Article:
Thailand Moving From Fossil Fuels To Renewables

National Economy

The population of the Kingdom of Thailand is approximately 70.01 million people[1]. In 2019, 99.9 % of the people in this Southeast Asian country had access to electricity[2].

In 2019, Thailand’s economy was ranked 22nd in the world in gross domestic product (GDP)[3]. The country’s economy is dependent on the export[4] of office machines, cars, integrated circuits, trucks, gold, rubber, and rice.

Environment Policies

In 2016, Thailand signed the Paris Climate Agreement[5], committing to an unconditional 20% reduction in emissions by 2030, compared to business-as-usual levels.

In 2020, Thailand’s state-owned utility,  Metropolitan Electricity Authority used natural gas (61.6%), coal (20.0%),  renewable energy (18.0 %). and oil (0.4%) to generate the country’s electricity[6]. Hydropower, biomass, solar, and wind were the primary types of renewable energy used to generate electricity in Thailand.

Recent renewable energy projects in Thailand include:

  • 7 MW Floating Solar Project – In September 2021, People’s Republic of China solar company, Sungrow commissioned the floating solar project at the Sirindhorn dam in the northeast region of Thailand.
  • 25 MW Solar Projects – French energy company, Total is continuing work installing rooftop photovoltaic panels at 24 Betagro food processing plants in Thailand.
  • 6 MW Biomass Project – In March 2020, Finnish engineering firm, Pöyry commissioned the Chana biomass power project at a site in southeastern Thailand.
  • Lithium-Ion Battery Factory – In May 2021, American e-mobility company, Evlomo has announced plans to build a lithium-ion battery factory at a site approximately 50 miles southeast of the nation’s capital, Bangkok. The factory is forecast to be completed in 2023.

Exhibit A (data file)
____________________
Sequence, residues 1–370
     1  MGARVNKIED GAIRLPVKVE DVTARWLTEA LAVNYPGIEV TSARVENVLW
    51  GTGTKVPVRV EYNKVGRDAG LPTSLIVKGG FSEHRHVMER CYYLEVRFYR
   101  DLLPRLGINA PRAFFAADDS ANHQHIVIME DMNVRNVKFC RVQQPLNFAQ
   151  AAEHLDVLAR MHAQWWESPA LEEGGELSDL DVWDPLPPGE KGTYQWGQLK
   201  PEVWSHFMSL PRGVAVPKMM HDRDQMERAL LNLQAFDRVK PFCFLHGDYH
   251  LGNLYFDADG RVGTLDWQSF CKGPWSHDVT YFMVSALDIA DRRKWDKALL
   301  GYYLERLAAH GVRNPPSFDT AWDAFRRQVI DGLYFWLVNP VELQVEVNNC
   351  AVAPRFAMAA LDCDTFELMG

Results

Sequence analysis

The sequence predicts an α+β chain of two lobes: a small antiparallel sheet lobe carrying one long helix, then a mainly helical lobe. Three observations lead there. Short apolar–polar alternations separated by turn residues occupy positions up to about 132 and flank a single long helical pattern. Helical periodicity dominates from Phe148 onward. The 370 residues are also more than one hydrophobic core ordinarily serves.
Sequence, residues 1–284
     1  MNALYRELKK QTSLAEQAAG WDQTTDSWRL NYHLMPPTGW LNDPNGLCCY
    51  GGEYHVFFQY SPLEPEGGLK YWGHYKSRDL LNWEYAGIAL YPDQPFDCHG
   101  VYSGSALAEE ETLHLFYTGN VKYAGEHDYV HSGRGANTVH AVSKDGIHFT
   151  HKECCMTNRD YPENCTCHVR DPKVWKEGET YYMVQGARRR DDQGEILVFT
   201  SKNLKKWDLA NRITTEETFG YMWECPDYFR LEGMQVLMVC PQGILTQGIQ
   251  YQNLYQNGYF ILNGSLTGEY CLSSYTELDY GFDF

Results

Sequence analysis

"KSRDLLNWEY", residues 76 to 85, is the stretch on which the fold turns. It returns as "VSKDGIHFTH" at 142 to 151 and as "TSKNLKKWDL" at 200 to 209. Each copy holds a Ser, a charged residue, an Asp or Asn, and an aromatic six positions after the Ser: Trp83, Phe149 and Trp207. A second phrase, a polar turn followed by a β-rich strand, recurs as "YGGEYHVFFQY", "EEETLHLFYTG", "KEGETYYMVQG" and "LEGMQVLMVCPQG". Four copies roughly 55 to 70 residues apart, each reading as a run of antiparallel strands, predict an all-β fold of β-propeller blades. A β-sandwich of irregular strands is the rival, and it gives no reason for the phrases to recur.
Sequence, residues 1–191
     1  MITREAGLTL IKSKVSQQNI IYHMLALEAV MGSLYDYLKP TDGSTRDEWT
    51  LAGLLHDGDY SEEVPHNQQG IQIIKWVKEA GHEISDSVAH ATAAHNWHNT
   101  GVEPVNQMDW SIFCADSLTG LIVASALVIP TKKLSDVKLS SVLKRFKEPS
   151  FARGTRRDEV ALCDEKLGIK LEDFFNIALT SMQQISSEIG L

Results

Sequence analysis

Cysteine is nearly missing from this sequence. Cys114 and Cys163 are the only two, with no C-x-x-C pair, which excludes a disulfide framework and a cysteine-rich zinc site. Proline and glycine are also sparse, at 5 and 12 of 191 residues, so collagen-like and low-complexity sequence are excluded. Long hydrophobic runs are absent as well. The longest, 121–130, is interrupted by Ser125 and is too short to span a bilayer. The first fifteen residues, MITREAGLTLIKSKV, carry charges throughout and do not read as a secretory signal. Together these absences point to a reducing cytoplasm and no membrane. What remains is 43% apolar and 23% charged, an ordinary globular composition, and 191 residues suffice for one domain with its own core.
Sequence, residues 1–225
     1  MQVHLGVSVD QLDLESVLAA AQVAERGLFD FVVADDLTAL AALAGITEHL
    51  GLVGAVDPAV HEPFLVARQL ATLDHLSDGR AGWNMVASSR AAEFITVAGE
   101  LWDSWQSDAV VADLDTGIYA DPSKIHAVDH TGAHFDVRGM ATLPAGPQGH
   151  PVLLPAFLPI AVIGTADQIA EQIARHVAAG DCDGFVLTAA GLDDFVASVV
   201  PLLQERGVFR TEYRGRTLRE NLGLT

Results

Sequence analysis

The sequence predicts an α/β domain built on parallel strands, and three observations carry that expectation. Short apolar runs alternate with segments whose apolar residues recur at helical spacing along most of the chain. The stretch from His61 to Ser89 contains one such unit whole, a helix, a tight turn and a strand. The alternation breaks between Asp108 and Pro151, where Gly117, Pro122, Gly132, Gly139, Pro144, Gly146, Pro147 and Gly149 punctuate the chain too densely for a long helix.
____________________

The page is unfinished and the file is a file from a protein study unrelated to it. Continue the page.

Conclusions

In 1973, Union Oil discovered a giant gas field in the Gulf of Thailand. This and subsequent offshore discoveries provided Thailand with significant, inexpensive natural gas reserves to fuel their electric power plants.

No fossil fuel (coal, oil, and natural gas) is renewable, and over the years Thailand’s natural gas reserves have steadily declined. In 2021, over half of Thailand’s fossil fuels are imported, which has undermined the nation’s economy. Thailand is now moving from natural gas and coal to renewable energy.

Jack Kerfoot

Website – “Our Energy Conundrum”

www.jackkerfoot.com

 

[1] Thailand Population (2021) –  September 18, 2021, www.worldometers.info

[2] Thailand – The World Bank Group

[3] Gross Domestic Product 2019 – World Bank DataBank

[4] OEC – Socialist Republic of Thailand

[5] Carbon Brief – “2015: Tracking Country Climate Pledges”

[6] Our World In Data, Thailand:  Energy Country Profile by Hanna Ritchie and Max Roser

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